“It’s to protect what we had in place,” he said.

Sen. Paul G. Pinsky (D-Prince George’s), chairman of the Education, Health and Environmental Affairs Committee, said the panel strengthened protections by requiring that credits for existing forest be purchased at a minimum 5-to-1 ratio, up from a minimum 2-to-1 ratio required in many counties. Under that plan, for every acre of trees cut down, the developer would have to buy at least five acres’ worth of credits.

Even so, Pinsky said, “You’re still knocking down trees and not planting new ones.”

The question of how and where cleared trees should be replaced also has surfaced as part of building the 16-mile Purple Line through Montgomery and Prince George’s. The light-rail line, which will run through densely populated inner suburbs, required clearing about 42 acres of trees.

While some will be replanted along the alignment, the state replaced the cleared acreage by buying bank credits for existing forest in Accokeek and Dickerson, both 25 or more miles from the Purple Line alignment.

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Under a bill sponsored by Del. Lorig Charkoudian (D-Montgomery) and recently passed by both chambers, a new “urban tree program” would plant trees in communities where a transportation project, including the Purple Line, requires cutting.

The Forest Conservation Act applies to parcels of 40,000 square feet — about an acre — or more. Developers and builders first are required to preserve or replant trees on-site or nearby. If those options aren’t possible, they can replace trees off-site, usually by buying credits.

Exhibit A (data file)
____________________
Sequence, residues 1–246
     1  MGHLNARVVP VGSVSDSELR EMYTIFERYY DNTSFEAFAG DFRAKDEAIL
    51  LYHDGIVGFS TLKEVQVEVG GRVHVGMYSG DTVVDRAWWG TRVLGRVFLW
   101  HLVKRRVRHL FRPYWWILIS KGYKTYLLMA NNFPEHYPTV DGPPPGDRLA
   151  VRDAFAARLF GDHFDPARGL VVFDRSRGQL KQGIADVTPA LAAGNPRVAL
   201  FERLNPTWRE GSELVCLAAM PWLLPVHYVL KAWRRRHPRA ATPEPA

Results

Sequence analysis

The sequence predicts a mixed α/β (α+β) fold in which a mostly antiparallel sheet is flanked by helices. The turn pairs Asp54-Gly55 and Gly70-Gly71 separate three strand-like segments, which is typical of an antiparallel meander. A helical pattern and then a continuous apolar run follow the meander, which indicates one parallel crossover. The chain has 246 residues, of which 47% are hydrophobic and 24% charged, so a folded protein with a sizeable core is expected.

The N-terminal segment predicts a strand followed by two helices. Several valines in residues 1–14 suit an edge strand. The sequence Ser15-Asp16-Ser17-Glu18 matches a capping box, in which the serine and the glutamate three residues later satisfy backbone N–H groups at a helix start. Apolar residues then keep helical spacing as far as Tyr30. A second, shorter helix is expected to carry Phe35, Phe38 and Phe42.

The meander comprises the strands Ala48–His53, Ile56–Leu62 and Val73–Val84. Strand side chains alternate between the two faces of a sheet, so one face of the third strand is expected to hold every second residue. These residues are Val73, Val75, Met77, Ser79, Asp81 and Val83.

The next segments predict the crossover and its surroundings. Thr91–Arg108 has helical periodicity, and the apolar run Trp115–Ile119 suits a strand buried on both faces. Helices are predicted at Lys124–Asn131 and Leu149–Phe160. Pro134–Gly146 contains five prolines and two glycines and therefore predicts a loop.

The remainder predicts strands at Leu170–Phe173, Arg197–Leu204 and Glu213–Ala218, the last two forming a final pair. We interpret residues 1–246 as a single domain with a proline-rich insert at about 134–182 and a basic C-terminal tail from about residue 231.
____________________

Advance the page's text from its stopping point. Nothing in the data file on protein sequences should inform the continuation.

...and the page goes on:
Local planners determine how much lost acreage must be offset based on formulas depending on the type of development proposed and its location, Gardner said. In many cases, farmers are creating banks by preserving their own land.

Matt Johnston, Anne Arundel County’s environmental policy director, said the county sought the attorney general’s opinion because local officials thought they didn’t have the authority to allow mitigation banks created from existing forest.

The county tightened its reforestation requirements in early 2020 and, since the attorney general’s opinion, has favored mitigation plans based on new trees. The change has had little effect on pending development proposals, he said.

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In Montgomery and Prince George’s, however, the planning commission’s lawyers said the attorney general’s opinion could bring development to a “screeching halt.”

Developers in the densely developed suburbs need off-site bank options, Gardner said, because replacing trees on-site can be difficult, especially around transit stations, where both counties are trying to focus growth. Conservation banks based on newly planted trees also are in short supply, he said.

After the legal opinion put “hundreds” of acres of existing forest off-limits for credits, Gardner said, there was a “run” on the remaining banks created from newly planted trees. Those credits have been bought up in both counties, Gardner said.

Without access to the conservation banks, Gardner said, developers who need to replace trees off-site will be left paying a fee to the county, which uses the money to plant trees. But builders and county officials say that process is more expensive and cumbersome for everyone, and environmental advocates say it’s difficult to track how the money is spent.

Such fees also are the least efficient way to save forests, Gardner said.

“It’s more advantageous to have conserved, mature, quality forest under perpetual preservation as opposed to money,” Gardner said. “It takes time to create new forests.”